Earlier this month, the US Supreme Court agreed to weigh in on two issues with important consequences for business. The first involves the scope of specific personal jurisdiction--i.e., when businesses can be sued outside of their home states for specific controversies. The second concerns the constitutionality of the prohibition in the Telephone Consumer Protection Act (TCPA) on automated dialing and prerecorded/artificial voices.
The personal jurisdiction issue comes out of two consolidated cases: Ford Motor Company v. Montana Eighth Judicial District Court, No. 19-368, and Ford Motor Company v. Bandemer, No. 19-369. Both concern an important longstanding dispute regarding specific personal jurisdiction, which exists only when a defendant has contacts in the jurisdiction sufficiently related to the alleged injury: Do those in-forum contacts need to cause the plaintiff's claim, or is it enough that they are connected to that claim in some other way? The defendant in the first case manufactured an allegedly defective vehicle in Kentucky that eventually wrecked in Montana. The Montana Supreme Court held that Ford's "related" contacts with Montana--advertising, selling and servicing other vehicles there--conferred jurisdiction even if those contacts could not have caused the plaintiff's claim. In the second case, the Minnesota Supreme Court similarly held that Ford's "related" contacts in Minnesota provided specific jurisdiction, even though they did not cause the accident that occurred there. These two decisions reflect the view of a growing number of states, while other jurisdictions, including many federal appellate courts, have adopted the requirement that a causal relationship must exist. By deciding to hear the case, the Court appears ready to finally resolve this split.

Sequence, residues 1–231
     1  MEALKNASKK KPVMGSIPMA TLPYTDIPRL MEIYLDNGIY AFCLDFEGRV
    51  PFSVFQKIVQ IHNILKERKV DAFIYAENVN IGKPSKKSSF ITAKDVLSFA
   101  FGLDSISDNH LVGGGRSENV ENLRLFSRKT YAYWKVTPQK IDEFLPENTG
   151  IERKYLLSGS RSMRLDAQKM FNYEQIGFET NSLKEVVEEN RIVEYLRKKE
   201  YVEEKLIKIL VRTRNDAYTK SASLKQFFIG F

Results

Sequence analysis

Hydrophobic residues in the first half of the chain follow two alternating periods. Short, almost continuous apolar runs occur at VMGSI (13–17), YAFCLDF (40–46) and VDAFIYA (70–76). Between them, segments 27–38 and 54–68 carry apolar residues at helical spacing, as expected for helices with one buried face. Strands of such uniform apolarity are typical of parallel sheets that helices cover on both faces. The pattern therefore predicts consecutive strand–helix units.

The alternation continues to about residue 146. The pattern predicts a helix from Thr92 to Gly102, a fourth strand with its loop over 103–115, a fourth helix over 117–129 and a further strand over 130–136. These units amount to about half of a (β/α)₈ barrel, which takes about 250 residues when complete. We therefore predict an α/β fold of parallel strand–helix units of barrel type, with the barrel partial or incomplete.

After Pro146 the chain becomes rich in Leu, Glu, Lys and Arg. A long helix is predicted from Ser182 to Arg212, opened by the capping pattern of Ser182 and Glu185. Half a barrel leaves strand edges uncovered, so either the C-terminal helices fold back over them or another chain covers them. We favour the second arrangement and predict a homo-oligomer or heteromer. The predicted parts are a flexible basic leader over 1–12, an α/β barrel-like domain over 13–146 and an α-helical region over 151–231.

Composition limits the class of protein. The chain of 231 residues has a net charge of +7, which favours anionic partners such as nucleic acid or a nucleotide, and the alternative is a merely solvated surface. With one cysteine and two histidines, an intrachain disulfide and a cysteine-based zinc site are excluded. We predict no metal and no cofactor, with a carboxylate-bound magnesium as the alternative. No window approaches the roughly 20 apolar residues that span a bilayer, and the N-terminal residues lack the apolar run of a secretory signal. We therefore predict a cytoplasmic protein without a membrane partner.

The Ford cases are important to companies with connections to multiple states. Can a company's general business efforts in a state--advertising, selling, servicing--give a state court power over it even if those efforts did not give rise to the plaintiff's specific claim? In Daimler AG v. Bauman in 2014, the Supreme Court made clear that general (or "all-purpose") personal jurisdiction exists only in states in which a company is "at home"--mainly where it is incorporated or maintains a principal place of business. How the Court decides the Ford cases could reaffirm or undermine the importance of that decision.
The TCPA question is raised in Barr v. American Association of Political Consultants, No. 19-631 (AAPC). The statute bans the use of automated dialing and/or prerecorded or artificial voices to call and--by FCC rule--text a cellular telephone without the called party's consent. There are limited statutory exceptions, including one added in 2016 for calls made to collect debts owed to or guaranteed by the United States. The Fourth Circuit held that the debt-collection exception violated the First Amendment, but could be severed without invalidating the entire statutory ban. The Court will now decide both the constitutionality and the severability of this exception, which could result in the debt-collection exception's, or the entire statutory ban's, being struck down. The AAPC is thus particularly significant for those entities whose activities fall within the government debt-collection exception, but may have consequences for any business currently or potentially subject to the TCPA's automated dialing ban.
It is not known yet whether the Court will hear these cases this spring, but if it does, argument would be held in April and decisions would be expected no later than the end of June. Briefing on the merits has just begun, and there is still opportunity for interested parties to submit their views as amicus curiae.